No, Israeli Climate-tech Isn’t Going to Save the World

The hype is big but the companies are small: Israeli startups may have cutting-edge ideas, but they struggle to bring them to the market

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Israeli PM Naftali Bennett addressing the COP26 summit
Israeli PM Naftali Bennett addressing the COP26 summitCredit: Haim Zach/GPO
David Rosenberg

No one doubts Israel’s high-tech prowess.

We have been a major tech power for decades, certainly in terms of startups and research and development spending. Israel is a world leader in cybersecurity and autotech. The Iron Dome system we developed protects us from Hezbollah rockets, we’re one of only 12 countries able to launch a satellite into orbit, and one of an even smaller elite with nuclear bombs (nine, according to foreign reports). 

Now Israel has been boasting about its climate-change startups. As Prime Minister Naftali Bennett said in his address to the United Nations climate summit this week: “Our carbon footprint may be small, but our impact on climate change can be mighty. If we’re going to move the needle, we need to contribute Israel’s most valuable source of energy: the energy and brainpower of our people …. As the country with the most start-ups per capita in the world, we must channel our efforts to saving our world.”

Inspiring words that come with the imprimatur of that rare politician who began his career in high-tech.

Okay, maybe he chose to focus on Israel’s high-tech to deflect attention from the fact that Israel has been embarrassingly laggard in climate-change policy. In fact, a week before Glasgow got underway, the cabinet demonstrably failed to agree on a climate change law or declaration of emergency. The tech-oriented 100-points agenda it did approve was seen as nothing more than a sop.

Yet the war on climate change isn’t all about shunning gas-guzzling plane trips, selling your shares in fossil-fuel energy companies and worshipping Greta Thunberg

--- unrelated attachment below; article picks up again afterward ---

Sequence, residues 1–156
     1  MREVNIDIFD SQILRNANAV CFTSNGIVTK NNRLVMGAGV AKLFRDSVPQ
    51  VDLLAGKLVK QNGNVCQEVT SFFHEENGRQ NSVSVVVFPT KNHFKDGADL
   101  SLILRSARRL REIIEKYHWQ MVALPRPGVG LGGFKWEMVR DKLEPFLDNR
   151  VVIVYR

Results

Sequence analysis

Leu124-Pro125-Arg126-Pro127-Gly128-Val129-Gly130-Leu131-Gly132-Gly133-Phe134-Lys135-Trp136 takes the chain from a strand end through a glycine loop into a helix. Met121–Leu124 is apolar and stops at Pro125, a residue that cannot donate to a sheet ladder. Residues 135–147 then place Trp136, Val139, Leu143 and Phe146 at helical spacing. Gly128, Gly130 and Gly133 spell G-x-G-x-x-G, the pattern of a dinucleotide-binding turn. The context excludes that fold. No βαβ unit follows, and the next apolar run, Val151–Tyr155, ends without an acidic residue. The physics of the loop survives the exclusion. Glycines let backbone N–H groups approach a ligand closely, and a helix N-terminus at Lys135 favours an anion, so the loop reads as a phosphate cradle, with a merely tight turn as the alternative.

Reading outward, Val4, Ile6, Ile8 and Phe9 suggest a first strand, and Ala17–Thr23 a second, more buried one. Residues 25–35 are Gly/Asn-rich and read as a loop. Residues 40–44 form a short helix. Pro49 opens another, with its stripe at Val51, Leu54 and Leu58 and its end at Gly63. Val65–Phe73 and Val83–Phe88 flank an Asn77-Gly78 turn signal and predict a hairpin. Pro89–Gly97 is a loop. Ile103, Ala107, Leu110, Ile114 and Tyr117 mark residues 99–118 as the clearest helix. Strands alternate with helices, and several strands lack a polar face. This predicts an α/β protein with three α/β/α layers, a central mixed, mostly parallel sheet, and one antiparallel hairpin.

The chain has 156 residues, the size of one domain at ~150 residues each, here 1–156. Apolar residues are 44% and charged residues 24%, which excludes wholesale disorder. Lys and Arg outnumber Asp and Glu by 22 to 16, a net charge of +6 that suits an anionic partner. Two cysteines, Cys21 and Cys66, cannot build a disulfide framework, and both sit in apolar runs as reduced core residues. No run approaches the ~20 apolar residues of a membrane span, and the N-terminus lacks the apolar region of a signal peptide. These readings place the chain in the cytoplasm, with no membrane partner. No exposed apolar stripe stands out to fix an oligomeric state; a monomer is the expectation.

Technology can and will be a major contributor to reducing greenhouse gas emissions. The Boston Consulting Group estimates that 65 percent of the reductions the world needs to meet the UN’s 2050 net zero target could be achieved by existing technology – that is, if we have the political will to do it.

The other 35 percent will come from technology yet to be developed. BCG projects it will cost as much as $5 trillion a year.

I wouldn’t take these exact numbers too seriously, but they do show in general terms how important tech can and should be. The process is already underway in the tech world: Venture capital investment in climate tech has jumped 30 percent so far this year, compared with all of 2020, to $30.8 billion. The buzz from Glasgow will almost certainly encourage even more money piling into the sector.

It all seems to add up to a unique opportunity for Israel. Except that appearances can be deceiving.

Nary a unicorn in sight

As a recent report from the government’s Israel Innovation Authority shows, Israeli climate tech hasn’t exactly been a stellar success, media coverage of the report to the contrary. Israel counts an enviable 1,200 companies addressing one aspect or another of climate change, of which just over half count as startup or growth companies.